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Making Schools American

Nationalism and the Origin of Modern Educational Politics

Cody Dodge Ewert

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How school reformers in the Progressive Era—who envisioned the public school as the quintessential American institution—laid the groundwork for contemporary battles over the structure and curriculum of public schools.

Around the turn of the twentieth century, a generation of school reformers began touting public education's unique capacity to unite a diverse and diffuse citizenry while curing a broad swath of social and political ills. They claimed that investing in education would equalize social and economic relations, strengthen democracy, and create high-caliber citizens equipped for the…

How school reformers in the Progressive Era—who envisioned the public school as the quintessential American institution—laid the groundwork for contemporary battles over the structure and curriculum of public schools.

Around the turn of the twentieth century, a generation of school reformers began touting public education's unique capacity to unite a diverse and diffuse citizenry while curing a broad swath of social and political ills. They claimed that investing in education would equalize social and economic relations, strengthen democracy, and create high-caliber citizens equipped for the twentieth century, all while preserving the nation's sacred traditions. More than anything, they pitched the public school as a quintessentially American institution, a patriotic symbol in its own right—and the key to perfecting the American experiment.

In Making Schools American, Cody Dodge Ewert makes clear that nationalism was the leading argument for schooling during the Progressive Era. Bringing together case studies of school reform crusades in New York, Utah, and Texas, he explores what was gained—and lost—as efforts to transform American schools evolved across space and time. Offering fresh insight into the development and politicization of public schooling in America, Ewert also reveals how reformers' utopian visions and lofty promises laid the groundwork for contemporary battles over the mission and methods of American public schools.

Despite their divergent political visions and the unique conditions of the states, cities, and individual districts they served, school reformers wielded nationalistic rhetoric that made education a rallying point for Americans across lines of race, class, religion, and region. But ultimately, Making Schools American argues, upholding education as a potential solution to virtually every societal problem has hamstrung broader attempts at social reform while overburdening schools.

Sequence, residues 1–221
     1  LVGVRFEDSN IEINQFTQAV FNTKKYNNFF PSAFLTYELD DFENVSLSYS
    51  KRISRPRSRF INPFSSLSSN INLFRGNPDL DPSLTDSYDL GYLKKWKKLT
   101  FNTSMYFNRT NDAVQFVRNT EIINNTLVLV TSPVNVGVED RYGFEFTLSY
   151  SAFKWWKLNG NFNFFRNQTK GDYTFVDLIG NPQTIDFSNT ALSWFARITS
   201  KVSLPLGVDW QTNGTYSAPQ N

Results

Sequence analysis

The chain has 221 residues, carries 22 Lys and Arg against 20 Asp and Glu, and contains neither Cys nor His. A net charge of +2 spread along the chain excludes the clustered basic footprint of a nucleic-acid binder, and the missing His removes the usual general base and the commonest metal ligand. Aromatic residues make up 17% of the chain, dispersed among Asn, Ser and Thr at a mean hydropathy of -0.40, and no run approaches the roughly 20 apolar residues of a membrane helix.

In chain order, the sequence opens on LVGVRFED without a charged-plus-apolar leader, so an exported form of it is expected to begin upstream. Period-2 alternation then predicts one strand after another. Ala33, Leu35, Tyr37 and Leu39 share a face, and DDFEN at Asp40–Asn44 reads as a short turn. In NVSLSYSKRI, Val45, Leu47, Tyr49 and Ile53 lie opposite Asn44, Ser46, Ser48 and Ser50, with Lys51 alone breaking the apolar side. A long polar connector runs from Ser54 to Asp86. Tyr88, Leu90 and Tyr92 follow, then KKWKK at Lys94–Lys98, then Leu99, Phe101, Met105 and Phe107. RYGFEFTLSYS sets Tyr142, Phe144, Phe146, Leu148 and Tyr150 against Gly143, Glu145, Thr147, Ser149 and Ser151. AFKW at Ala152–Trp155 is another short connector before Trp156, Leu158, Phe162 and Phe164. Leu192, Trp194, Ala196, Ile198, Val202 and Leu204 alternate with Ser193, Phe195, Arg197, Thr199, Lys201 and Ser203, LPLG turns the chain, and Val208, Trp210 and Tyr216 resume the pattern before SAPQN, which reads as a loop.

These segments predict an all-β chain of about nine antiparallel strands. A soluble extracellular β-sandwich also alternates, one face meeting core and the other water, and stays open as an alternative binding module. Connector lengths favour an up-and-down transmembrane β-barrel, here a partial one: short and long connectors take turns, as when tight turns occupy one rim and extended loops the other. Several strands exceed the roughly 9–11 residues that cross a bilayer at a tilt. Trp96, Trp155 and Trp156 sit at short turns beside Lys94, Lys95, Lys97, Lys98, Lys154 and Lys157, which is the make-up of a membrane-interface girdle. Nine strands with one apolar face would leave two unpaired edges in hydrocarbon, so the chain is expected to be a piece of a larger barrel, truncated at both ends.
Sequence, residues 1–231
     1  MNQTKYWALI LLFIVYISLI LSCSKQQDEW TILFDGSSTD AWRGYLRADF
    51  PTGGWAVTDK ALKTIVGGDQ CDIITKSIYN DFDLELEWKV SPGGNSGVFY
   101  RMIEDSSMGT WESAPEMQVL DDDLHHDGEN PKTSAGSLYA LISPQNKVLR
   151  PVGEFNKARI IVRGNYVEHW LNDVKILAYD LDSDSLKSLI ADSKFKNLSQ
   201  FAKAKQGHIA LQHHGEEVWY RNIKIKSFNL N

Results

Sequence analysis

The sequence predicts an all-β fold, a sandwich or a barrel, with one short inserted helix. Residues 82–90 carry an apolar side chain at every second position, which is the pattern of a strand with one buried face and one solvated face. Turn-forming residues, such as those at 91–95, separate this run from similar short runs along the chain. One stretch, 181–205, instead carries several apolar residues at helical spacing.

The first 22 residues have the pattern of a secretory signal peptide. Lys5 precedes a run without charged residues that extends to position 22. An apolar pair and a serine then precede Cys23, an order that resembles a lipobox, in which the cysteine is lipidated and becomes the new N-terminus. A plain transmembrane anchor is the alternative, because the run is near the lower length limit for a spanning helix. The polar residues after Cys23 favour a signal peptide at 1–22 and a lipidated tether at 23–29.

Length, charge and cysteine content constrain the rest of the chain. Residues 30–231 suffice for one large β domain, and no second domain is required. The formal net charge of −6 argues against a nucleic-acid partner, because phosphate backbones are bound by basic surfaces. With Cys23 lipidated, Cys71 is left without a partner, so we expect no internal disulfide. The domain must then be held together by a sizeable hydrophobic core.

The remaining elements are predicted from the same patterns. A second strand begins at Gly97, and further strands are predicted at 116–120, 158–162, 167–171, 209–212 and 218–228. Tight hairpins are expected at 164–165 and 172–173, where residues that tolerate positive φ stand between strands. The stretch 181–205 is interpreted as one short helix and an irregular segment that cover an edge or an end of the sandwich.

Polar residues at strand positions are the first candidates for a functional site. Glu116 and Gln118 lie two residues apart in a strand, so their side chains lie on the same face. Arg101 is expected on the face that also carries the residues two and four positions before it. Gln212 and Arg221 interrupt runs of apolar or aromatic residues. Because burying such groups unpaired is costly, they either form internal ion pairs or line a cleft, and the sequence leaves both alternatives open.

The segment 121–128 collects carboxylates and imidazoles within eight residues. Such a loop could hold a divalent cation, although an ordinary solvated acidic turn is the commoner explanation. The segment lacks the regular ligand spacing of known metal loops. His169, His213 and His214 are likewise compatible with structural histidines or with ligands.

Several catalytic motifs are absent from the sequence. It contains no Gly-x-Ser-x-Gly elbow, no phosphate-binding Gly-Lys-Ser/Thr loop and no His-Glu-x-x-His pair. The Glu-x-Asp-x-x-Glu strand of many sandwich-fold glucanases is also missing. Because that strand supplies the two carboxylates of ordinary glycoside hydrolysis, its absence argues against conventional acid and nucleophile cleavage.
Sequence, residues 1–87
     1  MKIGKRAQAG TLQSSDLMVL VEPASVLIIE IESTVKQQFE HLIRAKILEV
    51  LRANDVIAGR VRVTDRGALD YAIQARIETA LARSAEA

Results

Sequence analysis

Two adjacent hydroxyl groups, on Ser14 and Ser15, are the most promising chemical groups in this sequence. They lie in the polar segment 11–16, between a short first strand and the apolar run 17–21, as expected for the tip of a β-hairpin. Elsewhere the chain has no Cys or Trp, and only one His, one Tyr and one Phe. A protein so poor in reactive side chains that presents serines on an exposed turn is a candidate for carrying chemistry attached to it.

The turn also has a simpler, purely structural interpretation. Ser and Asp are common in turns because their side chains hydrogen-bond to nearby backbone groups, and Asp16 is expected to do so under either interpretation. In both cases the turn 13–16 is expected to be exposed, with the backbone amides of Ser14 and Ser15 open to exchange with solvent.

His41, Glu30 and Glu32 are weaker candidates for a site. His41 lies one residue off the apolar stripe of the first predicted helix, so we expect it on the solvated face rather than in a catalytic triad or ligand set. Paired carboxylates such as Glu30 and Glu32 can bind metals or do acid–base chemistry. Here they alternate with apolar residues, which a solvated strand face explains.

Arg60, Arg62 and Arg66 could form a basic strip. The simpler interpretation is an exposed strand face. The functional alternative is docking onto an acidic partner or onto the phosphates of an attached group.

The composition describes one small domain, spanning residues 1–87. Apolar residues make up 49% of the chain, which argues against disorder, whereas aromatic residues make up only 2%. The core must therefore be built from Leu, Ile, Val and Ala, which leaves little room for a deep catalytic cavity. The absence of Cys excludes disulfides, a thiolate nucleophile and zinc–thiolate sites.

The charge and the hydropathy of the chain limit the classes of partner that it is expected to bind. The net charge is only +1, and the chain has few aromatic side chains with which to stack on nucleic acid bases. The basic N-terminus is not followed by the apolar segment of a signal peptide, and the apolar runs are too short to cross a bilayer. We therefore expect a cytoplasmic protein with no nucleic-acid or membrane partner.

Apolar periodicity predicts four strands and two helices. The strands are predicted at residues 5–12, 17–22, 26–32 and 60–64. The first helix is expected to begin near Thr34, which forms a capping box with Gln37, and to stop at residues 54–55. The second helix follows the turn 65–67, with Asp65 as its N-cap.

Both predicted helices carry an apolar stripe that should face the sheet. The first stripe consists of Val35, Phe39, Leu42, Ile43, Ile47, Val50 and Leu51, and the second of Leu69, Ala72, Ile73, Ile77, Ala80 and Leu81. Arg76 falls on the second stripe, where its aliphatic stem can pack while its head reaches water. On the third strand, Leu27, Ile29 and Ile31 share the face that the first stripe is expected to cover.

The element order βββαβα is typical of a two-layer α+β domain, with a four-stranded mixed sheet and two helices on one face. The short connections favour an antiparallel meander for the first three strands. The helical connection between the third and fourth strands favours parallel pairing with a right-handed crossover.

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Making Schools American

Cody Dodge Ewert

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Reviews

Reviews

Ewert demonstrates both the power and the limits of early twentieth-century Progressive reformers, who framed education as the key to national development and identity. At a moment of frayed faith in public education, we need to recapture the Progressives' optimistic spirit while focusing new attention on the injustices they overlooked. This smart and original book can show us how.

In this meticulous study, Ewert examines the way early progressive efforts at civic education transformed the goals of public education for both good and ill by 'draping schools in the flag.' A must-read for everyone interested in civic education and school reform.

The roots of contemporary demands that schools teach patriotic education? Cody Dodge Ewert reveals them in this wisely crafted book. In states as different as New York, Utah, and Texas, Ewert demonstrates how Progressive reformers proposed strengthening public education by ascribing it with patriotic aims—and how their success remains pertinent today.

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About

Book Details

Publication Date
Status
Available
Trim Size
6
x
9
Pages
232
ISBN
9781421442792
Illustration Description
10 b&w photos
Table of Contents

Acknowledgments
Introduction. The Main Hope of the Nation
1. Spreading "the Spirit of Patriotism": Recasting Public Education in Late-Nineteenth-Century New York State
2. Schools on Parade: Building a

Acknowledgments
Introduction. The Main Hope of the Nation
1. Spreading "the Spirit of Patriotism": Recasting Public Education in Late-Nineteenth-Century New York State
2. Schools on Parade: Building a National School Reform Movement in the 1890s
3. Americanizing Zion: Public Education and the Mormon Question, 1887–1900
4. Building a "Purer, Better, Braver Citizenship": Civics in Progressive Era Utah
5. Heroic Past, Shameful Present: Progress, Tradition, and School Reform in Texas, 1907–1923
Epilogue
Notes
Index

Author Bio